As an HR practitioner, it is useful to have basic knowledge about divorce, the workplace and recent changes in family law. Understanding the intersection of these three areas will help explain why lawyers representing both sides of a separating couple may request HR information relating to pension, benefits and the division of assets.
According to Maclean’s magazine, the only age group seeing a rise in divorce is people over the age of 50 — the baby boomers. The “grey” divorce rate is currently at 47 per cent, while the general divorce rate is at 38 per cent in Canada.
A number of couples find their relationship has run out of steam after the children are grown and, with life expectancy growing (79 years for men and 84 for women), couples are disinclined to “tough out” a bad relationship or marriage when they could have another 25 years or more of life.
Division of assets
According to section five of Ontario’s Family Law Act (FLA), as a general rule, the spouse with the lesser net family property is entitled to “one-half the difference” of the wealthier spouse’s net family property (equalization of net family property).
The net family property of each spouse is determined by calculating the spouse’s net worth on the separation date (valuation date), subtracting the spouse’s personal net worth on the marriage date, and excluding all forms of excludable income or property gained over the course of the marriage.
The objective of this section is to recognize contributions to the marriage can be financial and non-financial, and to presume an equal contribution by both parties.
It is important to note the matrimonial home is treated distinctly from other property. Even if the matrimonial home was owned by one spouse prior to marriage, its value will not be deducted if it is still the matrimonial home on the date of separation. Rather, the value of the matrimonial home is shared regardless of when it was acquired.
Changes in pension valuation
Section 4 of the FLA broadly defines “property” to include rights in a vested pension plan. Accordingly, pensions may be included in the net family property and equalized.
In June 2011, Ontario proclaimed changes to the Pension Benefits Act (PBA) and the FLA relating to the valuation and division of pension assets in the breakdown of a spousal relationship.
Under the legislation, former spouses of plan members are able to receive an immediate payment of their share of pension assets, either as a lump-sum transfer or a division of monthly pension payments assets, provided the court order, family arbitration award or domestic contract was made on or after Jan. 1, 2012.
Moreover, the valuation of pension assets is calculated by the plan administrator in accordance with formulas set out in the new family law regulations made under the PBA. Rather than applying traditional actuarial practices in valuing the pensions, the pension administrator uses a prescribed formula that applies to all pensions equally.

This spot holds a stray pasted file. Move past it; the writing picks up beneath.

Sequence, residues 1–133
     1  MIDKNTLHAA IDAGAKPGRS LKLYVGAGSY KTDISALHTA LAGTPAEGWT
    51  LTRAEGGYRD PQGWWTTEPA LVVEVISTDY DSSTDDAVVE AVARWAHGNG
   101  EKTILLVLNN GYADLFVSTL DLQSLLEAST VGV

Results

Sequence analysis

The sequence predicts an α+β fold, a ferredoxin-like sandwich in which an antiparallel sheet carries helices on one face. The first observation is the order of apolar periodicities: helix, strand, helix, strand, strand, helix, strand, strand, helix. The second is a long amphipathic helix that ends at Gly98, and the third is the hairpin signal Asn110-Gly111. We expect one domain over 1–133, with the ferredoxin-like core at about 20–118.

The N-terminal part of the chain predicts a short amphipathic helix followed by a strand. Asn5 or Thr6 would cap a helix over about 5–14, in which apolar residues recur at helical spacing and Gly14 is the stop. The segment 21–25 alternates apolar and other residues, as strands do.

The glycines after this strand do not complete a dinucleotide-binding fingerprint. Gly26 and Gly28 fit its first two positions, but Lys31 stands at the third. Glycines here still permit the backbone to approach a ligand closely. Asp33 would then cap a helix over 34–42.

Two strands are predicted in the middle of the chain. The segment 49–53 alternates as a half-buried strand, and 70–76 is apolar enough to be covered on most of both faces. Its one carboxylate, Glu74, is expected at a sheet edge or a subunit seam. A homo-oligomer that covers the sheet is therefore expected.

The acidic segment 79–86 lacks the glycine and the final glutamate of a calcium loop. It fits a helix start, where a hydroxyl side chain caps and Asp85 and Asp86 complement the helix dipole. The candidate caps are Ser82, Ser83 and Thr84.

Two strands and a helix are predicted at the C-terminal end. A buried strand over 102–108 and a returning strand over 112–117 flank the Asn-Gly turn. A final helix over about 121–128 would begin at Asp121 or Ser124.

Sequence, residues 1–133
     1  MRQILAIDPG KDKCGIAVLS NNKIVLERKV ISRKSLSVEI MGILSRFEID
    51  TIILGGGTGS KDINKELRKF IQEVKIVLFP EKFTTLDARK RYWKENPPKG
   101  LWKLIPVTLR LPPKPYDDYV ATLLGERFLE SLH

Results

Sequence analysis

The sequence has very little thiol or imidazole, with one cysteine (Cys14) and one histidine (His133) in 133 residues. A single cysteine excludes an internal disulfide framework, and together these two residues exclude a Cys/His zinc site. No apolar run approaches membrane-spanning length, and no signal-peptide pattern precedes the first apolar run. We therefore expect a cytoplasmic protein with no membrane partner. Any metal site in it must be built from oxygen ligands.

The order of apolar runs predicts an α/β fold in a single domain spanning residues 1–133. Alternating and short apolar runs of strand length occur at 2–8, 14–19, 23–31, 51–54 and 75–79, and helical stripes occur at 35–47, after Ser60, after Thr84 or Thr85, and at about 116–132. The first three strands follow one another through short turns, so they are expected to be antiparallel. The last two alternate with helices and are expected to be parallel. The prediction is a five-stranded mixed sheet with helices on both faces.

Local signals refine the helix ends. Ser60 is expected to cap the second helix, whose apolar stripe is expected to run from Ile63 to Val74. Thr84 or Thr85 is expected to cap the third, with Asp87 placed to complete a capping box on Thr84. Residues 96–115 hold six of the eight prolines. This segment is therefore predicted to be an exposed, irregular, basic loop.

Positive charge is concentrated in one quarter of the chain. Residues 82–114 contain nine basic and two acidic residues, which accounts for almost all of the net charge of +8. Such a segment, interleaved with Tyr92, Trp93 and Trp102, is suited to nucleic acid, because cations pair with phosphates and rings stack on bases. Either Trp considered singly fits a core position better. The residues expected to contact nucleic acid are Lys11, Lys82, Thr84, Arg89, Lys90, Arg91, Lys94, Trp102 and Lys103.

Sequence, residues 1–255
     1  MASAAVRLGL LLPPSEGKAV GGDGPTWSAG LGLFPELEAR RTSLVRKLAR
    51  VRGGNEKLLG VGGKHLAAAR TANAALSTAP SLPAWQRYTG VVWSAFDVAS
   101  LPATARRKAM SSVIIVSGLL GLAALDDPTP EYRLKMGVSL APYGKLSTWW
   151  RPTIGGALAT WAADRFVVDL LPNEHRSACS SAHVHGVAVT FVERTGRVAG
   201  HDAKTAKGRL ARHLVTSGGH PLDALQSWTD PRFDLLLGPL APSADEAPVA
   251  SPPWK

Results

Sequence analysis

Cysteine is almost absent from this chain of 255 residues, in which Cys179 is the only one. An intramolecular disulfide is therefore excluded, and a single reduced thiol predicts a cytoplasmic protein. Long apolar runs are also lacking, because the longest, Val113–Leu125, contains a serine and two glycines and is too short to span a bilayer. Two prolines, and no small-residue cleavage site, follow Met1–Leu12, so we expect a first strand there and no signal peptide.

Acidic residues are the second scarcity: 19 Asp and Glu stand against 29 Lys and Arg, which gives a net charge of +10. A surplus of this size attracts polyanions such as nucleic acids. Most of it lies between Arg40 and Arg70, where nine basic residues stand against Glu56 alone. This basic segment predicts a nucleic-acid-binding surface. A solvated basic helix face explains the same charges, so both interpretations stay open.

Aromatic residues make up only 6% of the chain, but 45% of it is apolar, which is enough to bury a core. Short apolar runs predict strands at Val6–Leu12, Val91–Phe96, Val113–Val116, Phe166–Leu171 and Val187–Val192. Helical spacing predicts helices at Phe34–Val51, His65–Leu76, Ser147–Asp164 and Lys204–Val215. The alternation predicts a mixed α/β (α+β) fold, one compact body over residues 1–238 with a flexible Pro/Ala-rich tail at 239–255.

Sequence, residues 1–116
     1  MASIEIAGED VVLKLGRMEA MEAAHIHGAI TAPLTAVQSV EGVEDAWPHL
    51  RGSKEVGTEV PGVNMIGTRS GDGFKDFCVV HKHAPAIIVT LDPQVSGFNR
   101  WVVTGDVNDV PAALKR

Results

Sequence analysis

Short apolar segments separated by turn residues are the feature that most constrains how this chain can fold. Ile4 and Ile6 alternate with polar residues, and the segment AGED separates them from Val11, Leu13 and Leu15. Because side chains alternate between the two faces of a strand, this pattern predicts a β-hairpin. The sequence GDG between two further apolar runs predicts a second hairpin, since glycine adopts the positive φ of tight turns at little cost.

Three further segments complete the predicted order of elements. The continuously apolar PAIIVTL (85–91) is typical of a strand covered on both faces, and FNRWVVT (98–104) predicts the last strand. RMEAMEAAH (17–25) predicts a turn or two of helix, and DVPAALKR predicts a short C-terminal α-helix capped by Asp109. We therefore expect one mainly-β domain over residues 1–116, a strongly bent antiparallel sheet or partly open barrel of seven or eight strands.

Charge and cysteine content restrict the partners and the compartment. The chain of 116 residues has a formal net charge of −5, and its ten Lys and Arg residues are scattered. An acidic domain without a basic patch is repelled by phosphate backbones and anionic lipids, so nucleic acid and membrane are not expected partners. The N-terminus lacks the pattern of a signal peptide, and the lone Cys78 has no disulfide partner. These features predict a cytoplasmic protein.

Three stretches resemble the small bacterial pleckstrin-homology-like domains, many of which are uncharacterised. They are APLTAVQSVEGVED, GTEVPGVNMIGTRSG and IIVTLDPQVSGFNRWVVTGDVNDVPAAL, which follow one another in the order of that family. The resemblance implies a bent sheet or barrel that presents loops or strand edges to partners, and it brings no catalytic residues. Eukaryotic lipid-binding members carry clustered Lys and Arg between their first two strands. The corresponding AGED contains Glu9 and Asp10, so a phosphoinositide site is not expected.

Finally, parties must apply directly to the plan administrator to receive the valuation of pension assets for the division of pension assets. One of the downsides of this new process is if the spouses don’t agree with the pension valuation, there is no appeal or second opinion. HR practitioners may have to deal with questions about this.
Spousal support obligations
Under the Divorce Act, either spouse may apply for an interim or final order of spousal support. Support may be indefinite or time-limited, periodic or lump sum, and is intended to:
• balance the economic advantages and disadvantages of the marriage and its breakdown
• adjust for the financial impact on the custodial spouse(s) of raising the parties’ children
• compensate for hardship resulting from marriage breakdown
• promote economic self-sufficiency “within a reasonable length of time.”
Once a court has determined a spouse’s entitlement to support, it will use the Spousal Support Advisory Guidelines to determine the amount and duration of support. Under the guidelines, the duration of spousal support will be indefinite for relationships of 20 years or longer (the courts consider the length of cohabitation and not the length of the marriage).
However, indefinite support may also be appropriate under the “rule of 65” which states the duration of support will be indefinite even if the relationship is shorter than 20 years, if the length of the relationship in years plus the recipient’s age at the date of separation equals or exceeds 65.
Accordingly, a spouse marrying late in life must be wary about the financial state of her partner. If, for instance, a couple marries when they are both 60 and one is destitute when they decide to separate three years later, the impoverished spouse may nevertheless be entitled to indefinite support.
Child support is the right of the child (not the support payee parent). Accordingly, the non-custodial parent has an obligation to pay support, regardless of the custodial parent’s income. Under section 33(1) of the FLA, a court may, on application, order a person to provide support for dependants and determine the amount of support. The Child Support Guidelines specify the support amount and depend on both the payor’s income and the number of children for whom support is owed.
In Ontario, the Family Responsibility Office (FRO) receives every child support and spousal support order made by the Ontario courts, collects the amounts owed under the order and pays it to the person to whom it is owed.
The FRO has the legal duty to take enforcement action against those who do not pay support as ordered.
As an HR practitioner, you may deal with employees whose wages are garnished for the purposes of child or spousal support.
Andrew Feldstein practises family law exclusively and is managing partner at Feldstein Family Law Group, which has offices in the Greater Toronto Area. He can be reached at email@example.com or (905) 415-1636 ext 255.